Also known as Aelita: Queen of Mars in the USA : [Revolt of the Robots]
B&W : 2841 metres
Directed by Yakov Protazanov
Cast: Yulia I. Solnetseva [Aelita], N.M. Tseretelli [Engineer Los; and Engineer Spiridonov], Nikolai P. Batalov [Gussev], Valentina E. Kuindzhi [Natasha Los], Aleksandra F. Pergonets [Ihoshka, Aelita’s servant], Konstantin V. Eggert [Tuskub], U.A. Zavadsky [Gor], V.G. Orlova [Masha, Gussev’s fiancée], Pavel N. Poly (Pavel Pol) [Erlich], N.M. Tretiakova [Elena Erlich], Igor Ilinskii [Kratskov], N. Tretyakova [bearded Martian astronomer], Sofya Levitina, Varvara Massalitinova, Mikhail Zharov, Tamara Adelheim, Vladimir Uralsky
Mezhrabpom-Rus production. / Scenario by Fydor Otsep and Alexei Faito, from the novel Aelita by Aleksei N. Tolstoi. Art direction by Sergei Kozlovski and Victor Simonov. Set design by Isaac Rabinovich. Costume design by Aleksandra Exter. Makeup by N. Sorokin. Cinematography by Yuri Ahelyabuzhski and Emil Schünemann. / Released 25 September 1924. / Standard 35mm spherical 1.37:1 format. / Protazanov left exile in France to return to Russia; this was possibly his first film after his return to the Soviet Union. The film was released in the USA on 25 March 1929.
Drama: Science fiction-Fantasy.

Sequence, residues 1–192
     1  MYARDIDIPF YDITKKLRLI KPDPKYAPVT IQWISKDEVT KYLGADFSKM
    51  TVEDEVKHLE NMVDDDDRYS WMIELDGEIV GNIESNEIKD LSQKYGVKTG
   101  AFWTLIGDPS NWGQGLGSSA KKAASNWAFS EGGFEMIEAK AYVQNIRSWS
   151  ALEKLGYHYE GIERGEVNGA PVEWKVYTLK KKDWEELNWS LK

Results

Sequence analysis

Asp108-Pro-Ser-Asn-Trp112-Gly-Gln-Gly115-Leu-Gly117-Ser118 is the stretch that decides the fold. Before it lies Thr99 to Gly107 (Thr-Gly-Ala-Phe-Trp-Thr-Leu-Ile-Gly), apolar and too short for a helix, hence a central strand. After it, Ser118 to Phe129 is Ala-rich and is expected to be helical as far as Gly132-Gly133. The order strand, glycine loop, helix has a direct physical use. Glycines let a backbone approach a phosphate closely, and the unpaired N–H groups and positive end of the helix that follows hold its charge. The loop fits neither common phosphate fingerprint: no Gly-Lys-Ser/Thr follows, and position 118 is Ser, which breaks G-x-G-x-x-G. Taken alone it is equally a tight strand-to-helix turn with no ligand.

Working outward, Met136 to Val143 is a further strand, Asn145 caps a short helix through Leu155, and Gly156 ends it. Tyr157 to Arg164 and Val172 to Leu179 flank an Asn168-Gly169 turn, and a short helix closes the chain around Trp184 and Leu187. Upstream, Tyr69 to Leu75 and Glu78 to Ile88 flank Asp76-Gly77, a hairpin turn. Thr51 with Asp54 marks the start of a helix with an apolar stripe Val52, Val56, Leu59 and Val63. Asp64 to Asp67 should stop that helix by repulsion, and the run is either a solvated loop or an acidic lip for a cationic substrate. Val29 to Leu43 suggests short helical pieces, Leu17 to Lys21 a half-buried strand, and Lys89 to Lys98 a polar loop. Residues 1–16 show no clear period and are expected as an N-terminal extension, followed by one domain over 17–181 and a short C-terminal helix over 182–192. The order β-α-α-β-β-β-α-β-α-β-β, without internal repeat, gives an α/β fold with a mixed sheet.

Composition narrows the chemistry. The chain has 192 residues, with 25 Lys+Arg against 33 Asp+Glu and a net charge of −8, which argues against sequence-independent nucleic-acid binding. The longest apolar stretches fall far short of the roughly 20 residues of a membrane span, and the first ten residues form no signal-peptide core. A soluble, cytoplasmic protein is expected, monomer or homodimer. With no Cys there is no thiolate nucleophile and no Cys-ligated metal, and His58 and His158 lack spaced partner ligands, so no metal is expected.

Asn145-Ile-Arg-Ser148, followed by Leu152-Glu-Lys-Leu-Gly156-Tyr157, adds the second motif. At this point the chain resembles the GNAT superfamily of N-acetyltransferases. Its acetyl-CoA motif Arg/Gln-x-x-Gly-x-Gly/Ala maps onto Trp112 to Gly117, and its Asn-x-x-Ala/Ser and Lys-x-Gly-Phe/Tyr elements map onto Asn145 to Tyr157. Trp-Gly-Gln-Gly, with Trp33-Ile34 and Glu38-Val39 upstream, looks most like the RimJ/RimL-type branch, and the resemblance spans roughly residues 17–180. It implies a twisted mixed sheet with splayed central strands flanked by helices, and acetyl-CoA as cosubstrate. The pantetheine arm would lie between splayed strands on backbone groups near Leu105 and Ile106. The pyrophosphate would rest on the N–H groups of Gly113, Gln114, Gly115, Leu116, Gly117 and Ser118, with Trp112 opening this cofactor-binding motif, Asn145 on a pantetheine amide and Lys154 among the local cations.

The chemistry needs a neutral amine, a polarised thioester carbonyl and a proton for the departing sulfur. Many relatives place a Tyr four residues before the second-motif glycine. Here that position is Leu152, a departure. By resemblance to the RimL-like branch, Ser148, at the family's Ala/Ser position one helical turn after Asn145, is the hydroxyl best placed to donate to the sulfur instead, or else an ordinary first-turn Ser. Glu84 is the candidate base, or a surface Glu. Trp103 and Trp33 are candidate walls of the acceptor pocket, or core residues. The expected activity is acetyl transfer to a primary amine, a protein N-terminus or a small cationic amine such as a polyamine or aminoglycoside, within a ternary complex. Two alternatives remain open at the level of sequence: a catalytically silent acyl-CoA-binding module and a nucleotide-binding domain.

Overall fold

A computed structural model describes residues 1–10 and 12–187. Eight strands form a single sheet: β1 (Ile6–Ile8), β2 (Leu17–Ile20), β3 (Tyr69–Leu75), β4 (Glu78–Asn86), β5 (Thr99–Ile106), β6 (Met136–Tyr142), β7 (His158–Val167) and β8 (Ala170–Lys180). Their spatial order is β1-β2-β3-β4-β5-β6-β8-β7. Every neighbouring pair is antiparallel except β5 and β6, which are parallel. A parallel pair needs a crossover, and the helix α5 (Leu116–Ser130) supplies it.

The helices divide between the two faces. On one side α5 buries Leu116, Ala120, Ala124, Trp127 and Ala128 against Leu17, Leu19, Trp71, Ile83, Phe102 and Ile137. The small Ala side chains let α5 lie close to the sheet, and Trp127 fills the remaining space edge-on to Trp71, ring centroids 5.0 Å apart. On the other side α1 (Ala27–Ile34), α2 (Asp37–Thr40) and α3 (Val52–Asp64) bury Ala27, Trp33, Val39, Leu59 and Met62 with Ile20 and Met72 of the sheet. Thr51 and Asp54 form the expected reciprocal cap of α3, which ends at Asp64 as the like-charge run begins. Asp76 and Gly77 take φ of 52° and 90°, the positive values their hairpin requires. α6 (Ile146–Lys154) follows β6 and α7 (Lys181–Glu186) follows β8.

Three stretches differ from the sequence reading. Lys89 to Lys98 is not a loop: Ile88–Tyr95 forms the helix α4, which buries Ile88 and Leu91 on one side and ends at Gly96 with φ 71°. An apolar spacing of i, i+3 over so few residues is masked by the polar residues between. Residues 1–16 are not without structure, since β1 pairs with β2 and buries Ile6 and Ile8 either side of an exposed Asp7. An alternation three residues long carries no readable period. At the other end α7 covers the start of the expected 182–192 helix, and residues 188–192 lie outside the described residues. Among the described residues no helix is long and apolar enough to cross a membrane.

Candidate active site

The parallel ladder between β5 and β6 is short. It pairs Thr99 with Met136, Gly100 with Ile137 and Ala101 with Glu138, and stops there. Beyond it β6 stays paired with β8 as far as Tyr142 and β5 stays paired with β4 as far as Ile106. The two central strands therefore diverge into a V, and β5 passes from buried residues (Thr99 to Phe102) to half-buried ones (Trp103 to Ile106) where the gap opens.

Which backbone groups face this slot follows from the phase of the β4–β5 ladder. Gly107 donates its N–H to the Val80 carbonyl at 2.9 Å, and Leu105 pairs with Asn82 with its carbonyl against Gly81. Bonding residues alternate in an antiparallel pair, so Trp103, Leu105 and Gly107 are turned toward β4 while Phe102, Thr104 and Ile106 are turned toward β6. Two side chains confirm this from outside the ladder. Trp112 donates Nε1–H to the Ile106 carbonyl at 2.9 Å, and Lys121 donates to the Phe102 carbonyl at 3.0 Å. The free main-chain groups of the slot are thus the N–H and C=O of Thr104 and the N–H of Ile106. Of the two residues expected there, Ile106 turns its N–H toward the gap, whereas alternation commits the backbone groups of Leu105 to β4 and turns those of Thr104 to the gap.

Synopsis: A Russian expedition to Mars brings Socialism to a hidden civilization of slaves.
Survival status: Prints exist in the International Museum of Photography and Film at George Eastman House film archive [35mm positive]; and [35mm preservation positives].
Current rights holder: (unknown)
Keywords: Actors - Animals: Camels, Dogs, Horses, Mice - Apartments - Automobiles - Bands - Battles - Battleships - Beds - Blotters - Books - Boots - Bread - Bridges - Brushes - Buses - Candles - Chains - Children: Babies, Orphans - Cigarette holders - Clocks - Clothing: Furs, Gloves, Shawls, Shoes - Coffins - Cooking - Crime: Attempted murder - Crowds - Dance - Daydreams - Desks - Disguises: False beards, Wigs - Drawings - Eavesdropping - Evictions - Families: Neglected wives - Fireplaces - Fires - Flowers - Food: Chocolate, Coffee, Wine - Gates - Glasses - Guards - Handwriting - Hospitals - Investigations - Jealousy - Jewelry: Wrist watches - Keys - Kissing - Labor - Lamps - Laundry - Law: Enforcement: Police: Detectives, Policemen - Leashes - Letters - Locks - Locomotives - Love triangles - Luggage - Machinery: Sewing machines, Spaceships - Marriages: Husband-wife relationships - Martians - Medical: Bandages, Nurses - Mirrors - Money - Musical instruments: Acordians, Cymbals, Drums - Notes - Offices - Orphanages - Parades - Pens - Photographs - Planets - Posters - Radio equipment: Antennas - Railroads: Cars, Tracks - Rations - Razors - Revolts - Royalty: Queens - Shaving brushes - Shaving cream - Shipbuilding - Signage - Slaves - Smoke - Snow - Socialism - Soviets - Special effects: Miniatures - Speeches - Stage shows - Statues - Steam shovels - Street scenes - Teapots - Telephones - Telescopes - Tenants - Tents - Toasts - Tobacco: Cigarettes, Cigars - Tools: Feather dusters, Hammers, Tape measures - Torches - Toys - Trains - Train tracks - Trams - Valets - Wakes - Water - Weapons: Bombs, Guns, Knives, Whips
Listing updated: 7 March 2011.
References: Film credits, film viewing : Bardèche-History p. 173; Jensen-Lang p. 62; Youngblood-Soviet pp. 30-32, 37, 42, 54, 65, 115, 143, 173, 252, 264, 268, 317 : Website-GEH; Website-IMDb : with additional information provided by Alexander Prikhojan.
Home video: DVD.